http://www.ireland-information.com/heraldichall/irishboysnames.htm

Janet

Olde Crone Holden
11-06-08, 21:13
That's interesting Janet.

Another Gaelic form, used as a very early English name, was Peder, or Pederic.

I think you can see how all the versions of this name derive from a common Gaelic root - Pederic to Phadraig in Irish Gaelic and both back to their own colloquial versions of Peter.

Of course, those who changed their names from Patrick to Peter probably werent aware of the gaelic root word, but I wonder if they just made the translation when made aware that the English Saint Peter was the Irish Saint Patrick!

OC

Janet
11-06-08, 21:37
Oc

It's like all these discussions on here, when you start looking at something, you think you know about, up pops some more information that sets you thinking on another track, and I was quite surprised at what came up when I started hunting for Padraig and Peter, and yes I do not think our forebears were thinking about the implications gaelicwise when they changed their names like that from Patrick to Peter or other names. Looking at all my Irish names, and I have several hundred only 3 are Peter and my OH has no Peter at all in his Irish background.

Janet

Olde Crone Holden
11-06-08, 21:46
Janet

I have been desperately trying to think of another common Irish name which is often "translated" into English...but I can't!!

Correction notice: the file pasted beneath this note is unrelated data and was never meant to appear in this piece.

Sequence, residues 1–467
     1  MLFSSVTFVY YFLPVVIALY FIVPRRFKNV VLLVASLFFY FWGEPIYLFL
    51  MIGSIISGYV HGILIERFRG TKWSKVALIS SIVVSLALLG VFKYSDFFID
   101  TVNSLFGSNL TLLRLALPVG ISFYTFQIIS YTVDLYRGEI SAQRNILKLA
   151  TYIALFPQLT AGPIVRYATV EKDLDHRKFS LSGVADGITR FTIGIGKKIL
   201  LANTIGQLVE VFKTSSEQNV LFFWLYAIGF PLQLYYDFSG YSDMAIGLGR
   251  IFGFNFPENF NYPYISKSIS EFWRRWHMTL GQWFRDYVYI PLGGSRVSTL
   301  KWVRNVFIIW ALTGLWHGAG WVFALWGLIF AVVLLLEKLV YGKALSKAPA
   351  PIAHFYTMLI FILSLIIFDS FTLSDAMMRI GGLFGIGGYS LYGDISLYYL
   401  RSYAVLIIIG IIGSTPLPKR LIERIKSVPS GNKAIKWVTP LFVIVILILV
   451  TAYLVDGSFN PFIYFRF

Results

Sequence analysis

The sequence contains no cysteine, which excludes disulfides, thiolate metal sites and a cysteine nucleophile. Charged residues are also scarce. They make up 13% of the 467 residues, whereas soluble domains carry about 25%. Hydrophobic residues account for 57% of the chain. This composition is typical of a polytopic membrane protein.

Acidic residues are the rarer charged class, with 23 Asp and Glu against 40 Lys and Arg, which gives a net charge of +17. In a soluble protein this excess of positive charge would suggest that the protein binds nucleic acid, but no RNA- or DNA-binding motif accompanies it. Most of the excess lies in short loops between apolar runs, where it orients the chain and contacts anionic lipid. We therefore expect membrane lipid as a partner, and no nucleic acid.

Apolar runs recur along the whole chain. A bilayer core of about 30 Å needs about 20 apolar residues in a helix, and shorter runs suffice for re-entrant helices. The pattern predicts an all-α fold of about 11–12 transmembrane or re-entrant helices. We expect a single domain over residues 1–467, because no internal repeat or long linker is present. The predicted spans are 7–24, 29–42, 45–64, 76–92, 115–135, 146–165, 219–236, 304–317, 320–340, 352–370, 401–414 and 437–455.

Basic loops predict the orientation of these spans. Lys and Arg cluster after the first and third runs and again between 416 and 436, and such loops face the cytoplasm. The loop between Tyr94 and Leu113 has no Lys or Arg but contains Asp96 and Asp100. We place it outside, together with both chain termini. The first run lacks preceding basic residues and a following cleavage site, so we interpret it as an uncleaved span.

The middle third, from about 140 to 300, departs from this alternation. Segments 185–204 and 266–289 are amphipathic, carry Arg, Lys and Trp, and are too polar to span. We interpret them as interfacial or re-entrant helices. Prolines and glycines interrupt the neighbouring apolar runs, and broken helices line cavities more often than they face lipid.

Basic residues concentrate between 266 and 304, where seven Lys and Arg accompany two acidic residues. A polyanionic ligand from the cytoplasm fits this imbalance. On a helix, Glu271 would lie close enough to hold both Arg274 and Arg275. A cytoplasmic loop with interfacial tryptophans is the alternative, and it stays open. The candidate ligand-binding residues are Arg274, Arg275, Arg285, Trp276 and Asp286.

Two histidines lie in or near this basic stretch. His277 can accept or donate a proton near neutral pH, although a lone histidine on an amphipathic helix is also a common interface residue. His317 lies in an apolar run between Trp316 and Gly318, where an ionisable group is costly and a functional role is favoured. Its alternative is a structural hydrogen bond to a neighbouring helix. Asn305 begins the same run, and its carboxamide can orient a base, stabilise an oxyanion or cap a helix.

I am not au fait with Irish Catholic Saints, but think I remember that Saint Peter took Christianity to Ireland in the 5th(?) century, which would make Peter an Irish name, not an English name (if you see what I mean!).

I agree with you, you think you know something but on checking it, other avenues open up and you finish up miles from where you started, seeing things from a completely different angle.

OC

Harrys mum
11-06-08, 22:03
It could be something as simple as wanting the same first initial while not sounding too Irish.

Saves relearning your signature. I have yet to find an Irish rellie who could not write. Mine were poor farmers, but maybe education was more available where they came from???

JBee
11-06-08, 22:05
Looking at RC baptisms today - I came across an entry for a couples child - not the family I was looking up!!!!

it said that the child was baptised but not christened due to their not being able to find good godparents!!! - (can't remember exact wording) but was surprised at the differential between baptism and christening!!!

Olde Crone Holden
11-06-08, 22:10
JBee

I think we had a long thread about this once before and decided that baptism dedicates a child's soul to God,(spiritual) whereas a christening takes the child into the body of the church (temporal). God parents are needed for the temporal bit!

I think it is possibly only the RC church which now makes such a fine distinction.

OC

Harrys mum
11-06-08, 22:18
The Catholic church in Australia certainly doesn't take that stand......it could be just a local priest doing his own thing.

When a child is baptised, any confirmed catholic can be Godparents, even the child's own parents.

When an adult is baptised they have sponsers (someone who has helped them through the process) as they are old enough to look after their own spiritual life.

Any person who has been baptised into another Christian denomination (C of E, Lutheran, Uniting, etc) is never "rebaptised", but is accepted into the church as a member.